Project DescriptionWashington, D.C., is the latest in a slew of U.S. cities looking to upgrade their rail systems. Amtrak has released renderings, developed in collaboration with HOK and Parsons Brinckerhoff, of a new development for the capital’s Union Station, which would double the facility’s capacity for interstate travel while increasing intermodal connectivity within the District as well. The existing Daniel Burnham–designed station, which opened in 1907, would remain the cardinal face of Union Station to the south, but the northern edge of the complex—currently an underwhelming parking garage and bus terminal on H Street—would undergo significant changes.
The master plan calls for an open train shed, evoking the stations of European cities, capped by an undulating green roof, which, the architects note, emphasizes both the sustainability of the shed itself and the mode of transportation it houses. “Train transportation is one of the most sustainable forms of travel out there,” says Bill Hellmuth, AIA, HOK's D.C.-based president and the design leader for Amtrak’s master plan. The vegetated roof serves to mitigate stormwater runoff while “creating the impression of movement in the roof structure,” Hellmuth says. The new train shed will house electric-powered trains, with diesel engines relegated to their own, more heavily ventilated, quarters beneath the station.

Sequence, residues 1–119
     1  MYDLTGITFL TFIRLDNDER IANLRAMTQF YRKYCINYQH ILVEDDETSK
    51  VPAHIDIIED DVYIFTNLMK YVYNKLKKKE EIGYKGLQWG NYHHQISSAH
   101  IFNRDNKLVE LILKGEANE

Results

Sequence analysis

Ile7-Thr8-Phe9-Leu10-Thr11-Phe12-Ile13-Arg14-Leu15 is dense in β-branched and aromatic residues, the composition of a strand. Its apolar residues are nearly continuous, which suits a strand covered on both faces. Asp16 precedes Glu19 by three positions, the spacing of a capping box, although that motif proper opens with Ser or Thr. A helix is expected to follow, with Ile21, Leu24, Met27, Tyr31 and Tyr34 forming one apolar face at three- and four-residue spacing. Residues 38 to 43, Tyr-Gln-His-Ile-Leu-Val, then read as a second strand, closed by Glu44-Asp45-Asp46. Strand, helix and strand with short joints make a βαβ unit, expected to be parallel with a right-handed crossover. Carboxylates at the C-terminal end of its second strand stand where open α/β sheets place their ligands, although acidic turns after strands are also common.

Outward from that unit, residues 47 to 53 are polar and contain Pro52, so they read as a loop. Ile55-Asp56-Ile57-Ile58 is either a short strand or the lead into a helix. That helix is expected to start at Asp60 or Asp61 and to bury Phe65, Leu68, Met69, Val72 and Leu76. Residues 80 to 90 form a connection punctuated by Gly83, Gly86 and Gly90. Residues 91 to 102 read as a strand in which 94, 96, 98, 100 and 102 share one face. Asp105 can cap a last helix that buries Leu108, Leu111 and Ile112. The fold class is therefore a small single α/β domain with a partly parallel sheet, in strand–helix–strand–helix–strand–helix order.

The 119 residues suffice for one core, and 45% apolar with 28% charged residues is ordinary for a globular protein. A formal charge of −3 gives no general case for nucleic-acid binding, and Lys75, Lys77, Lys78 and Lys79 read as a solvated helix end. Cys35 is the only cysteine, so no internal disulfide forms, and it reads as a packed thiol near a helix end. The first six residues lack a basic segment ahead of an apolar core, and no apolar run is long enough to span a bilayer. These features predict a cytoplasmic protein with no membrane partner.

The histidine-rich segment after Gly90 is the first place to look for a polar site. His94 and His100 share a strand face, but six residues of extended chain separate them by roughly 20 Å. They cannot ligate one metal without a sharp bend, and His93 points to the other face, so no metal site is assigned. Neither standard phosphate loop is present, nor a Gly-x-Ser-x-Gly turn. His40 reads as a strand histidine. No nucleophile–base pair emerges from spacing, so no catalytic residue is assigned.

Included in the station’s growth plan is a deep underground venue for future high-speed rail—possibly linking Southward—as well as a stop for the proposed H Street/Benning Road NE streetcar, although the latter project has met roadblocks thanks to scheduling and right-of-way issues. To the east and north of the new train shed will be a development by Shalom Baranes Architects, with commercial and residential buildings built above the rail lines.
Plans for the new Union Station are in development while the project awaits funding. Hellmuth says that the project, once financed, would probably take 10 to 15 years to complete. HOK is currently working on construction phasing plans so that the first stage of construction could begin as soon as the funding is in place, with only two platforms decommissioned at a time for minimized interruption of service, working in slivers across the site.